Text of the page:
Bath Abbey has been delighted to throw open its doors to its’ neighbouring buskers and welcome them in to perform and entertain visitors to the Abbey’s “Streets of Bath” exhibition this week.
It’s a sign of the new relationship that has developed between the Abbey and local buskers since the dispute two years ago.
This has included working with partners, including Bath and North East Somerset Council, Bath Business Improvement District, Keep Streets Live and the Musicians Union, to produce a “Buskers’ Guide to Bath”.
The guidelines aim to balance the rights of street musicians to earn their living with the rights of members of and visitors to the Abbey as a place of worship and quiet rest, so that all can enjoy the city and their time within it.
The Abbey has printed over 500 copies of the new guide for circulation to its neighbouring businesses, as well as having copies on hand for Abbey volunteers and members of the busking community.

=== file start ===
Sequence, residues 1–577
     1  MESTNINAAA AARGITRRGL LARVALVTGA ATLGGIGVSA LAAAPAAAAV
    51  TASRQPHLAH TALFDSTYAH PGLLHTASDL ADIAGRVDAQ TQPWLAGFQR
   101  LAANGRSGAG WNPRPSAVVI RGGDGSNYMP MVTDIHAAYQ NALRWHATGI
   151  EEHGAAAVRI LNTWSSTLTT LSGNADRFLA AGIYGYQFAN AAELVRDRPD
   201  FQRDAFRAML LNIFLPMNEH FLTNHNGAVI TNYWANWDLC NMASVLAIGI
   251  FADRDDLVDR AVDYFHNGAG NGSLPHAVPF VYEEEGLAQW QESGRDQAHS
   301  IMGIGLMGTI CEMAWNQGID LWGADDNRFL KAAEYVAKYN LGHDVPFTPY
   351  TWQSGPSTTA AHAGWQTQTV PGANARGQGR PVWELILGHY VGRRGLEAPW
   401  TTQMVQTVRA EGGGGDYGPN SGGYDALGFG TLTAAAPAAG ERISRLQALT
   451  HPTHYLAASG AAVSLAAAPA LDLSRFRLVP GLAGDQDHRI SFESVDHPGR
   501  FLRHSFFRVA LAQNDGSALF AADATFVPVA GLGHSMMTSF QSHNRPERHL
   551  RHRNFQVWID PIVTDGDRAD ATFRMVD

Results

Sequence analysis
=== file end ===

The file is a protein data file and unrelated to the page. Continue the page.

Along with the new traffic light system in place that lets performers know when services and rehearsals are taking place in the Abbey, it’s lead to a new spirit of cooperation, which the Abbey is keen to develop, through initiatives such as the performances this week.
Every day during the Abbey’s “Streets of Bath” exhibition will see a performer give a recital at 12.30pm.
Included are guitarists, singers and a soprano, reflecting the diversity of music usually available right next door in Abbey Churchyard and Kingston Parade.
Their performances complement the artworks being exhibited in the Abbey this week; these include sculpture, the spoken word and poetry, all alongside more traditional paintings and photography.
The aim of the exhibition is to help visitors gain an insight into how our streets live and work and to give thought and consideration to those we often take for granted.
Revd Stephen Girling, Missioner of Bath Abbey, said: “The busker’s music played at the heart of the Abbey sounded magnificent in this unique acoustic.
“We truly value our partnership with others in this city, including visual and performing artists, I hope we can continue to build upon these latest steps.”